Growing up in the 80’s/90’s impoverished section of the South Bronx was an absolute delight, that is until my natural development seized. Emotional growth stunted. Events that would breed confusion and contradiction. My thirst for identity formation grew beyond my conscious control with an attraction to a falsehood of pride and prejudice. Lost in a chase of what was. Read this with an open mind. Look for identification and not comparison.”
5) Ride the Wind by Amanda Crozier is Book 1 of the “Dragonlore” trilogy (Fantasy). Amanda Crozier is my birth name and my pen name. I was adopted from birth so only had the name for about two months. As the name implies, The Dragonlore Trilogy is a fantasy tale of magic and dragons
“Zysal was in trouble again! Sorcha heaved a troubled sigh whilst she watched the old Kevii disappear up the path that led to the log cabin that was their home. Merezin had called to complain that her son had been swimming yet again at Springall Falls, a place held sacred by all at the Kevii Hall. Tradition handed down and taught at the Hall linked it to ancient Dragon Lore, but because dragons had long since been relegated to myth and legend, the true reasoning behind the reverence seemed no longer clear, even to the Elders.” – opening paragraph, chapter 1.
“This place was perfect – everything was here, and had been since the last dragon had left. The wildlife had grown steadily in number, all waiting for this moment in time, and the return of an emergent young dragon.”
“His ancient memories told him that all Riders had long hair bound back with a hide thong in a cue; the longer the tail, the longer a Rider had been paired with their dragon. Riders rarely ever cut their hair but bound it back for convenience. He was truly proud of his white blond hair now that he understood it’s true significance.”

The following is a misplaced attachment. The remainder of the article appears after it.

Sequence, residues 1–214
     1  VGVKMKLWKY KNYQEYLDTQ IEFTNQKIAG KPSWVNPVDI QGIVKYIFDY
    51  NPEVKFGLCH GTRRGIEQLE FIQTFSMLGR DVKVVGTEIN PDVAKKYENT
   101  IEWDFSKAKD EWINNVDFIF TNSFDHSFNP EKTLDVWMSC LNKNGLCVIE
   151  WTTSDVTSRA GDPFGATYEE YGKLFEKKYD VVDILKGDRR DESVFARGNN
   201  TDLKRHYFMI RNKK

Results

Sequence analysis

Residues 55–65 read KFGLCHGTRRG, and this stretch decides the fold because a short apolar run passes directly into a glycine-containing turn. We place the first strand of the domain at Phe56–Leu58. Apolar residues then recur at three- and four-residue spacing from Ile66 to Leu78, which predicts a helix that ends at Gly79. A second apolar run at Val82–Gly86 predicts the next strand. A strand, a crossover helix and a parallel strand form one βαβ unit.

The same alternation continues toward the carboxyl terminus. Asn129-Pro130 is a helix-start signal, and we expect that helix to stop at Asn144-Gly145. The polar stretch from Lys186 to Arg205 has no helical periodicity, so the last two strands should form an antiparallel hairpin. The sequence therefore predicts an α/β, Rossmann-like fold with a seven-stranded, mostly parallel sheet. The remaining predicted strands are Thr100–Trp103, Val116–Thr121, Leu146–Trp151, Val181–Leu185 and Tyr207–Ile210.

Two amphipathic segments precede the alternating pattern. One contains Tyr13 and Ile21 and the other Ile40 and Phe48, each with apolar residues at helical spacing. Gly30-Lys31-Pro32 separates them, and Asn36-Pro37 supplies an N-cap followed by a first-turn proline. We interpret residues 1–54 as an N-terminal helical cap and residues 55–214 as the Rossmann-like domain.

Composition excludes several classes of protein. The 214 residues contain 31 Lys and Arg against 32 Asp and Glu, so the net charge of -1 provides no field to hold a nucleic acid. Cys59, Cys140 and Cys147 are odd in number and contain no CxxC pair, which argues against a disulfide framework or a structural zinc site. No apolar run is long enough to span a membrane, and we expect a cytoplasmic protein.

“Now feeling more hopeful that the enchantment would work with the cloak too, he tried it on. It was made of a very fine woven material. He had not seen the like of it before. It looked and hung like a heavy material but was light in weight to wear, and he found it to be a perfect fit. Also black in colour, it had a high collar and long sleeves that widened along his lower arm. It fastened at his throat and reached down midway between knee and ankle. There was a slit at the back, from his seat downwards, which would allow him to sit with comfort astride his dragon.
Glancing down, he noticed that something had dropped on the floor. He picked it up. It was a sleeveless jerkin, made from sturdy black hide. He slipped the cloak off in order to try the jerkin on. It moulded itself to his body just as the boots had done. There were ornate silver fastenings down the front; they matched the one on the cloak.”
So what did everyone think of these first few samples? Let us know in the comments below, and shout at me via Twitter @authorsarahkatz to have your work showcased in the next Shoutout!
In need of a new sci-fi read? Check out Apex Five, available on Amazon in Kindle & paperback!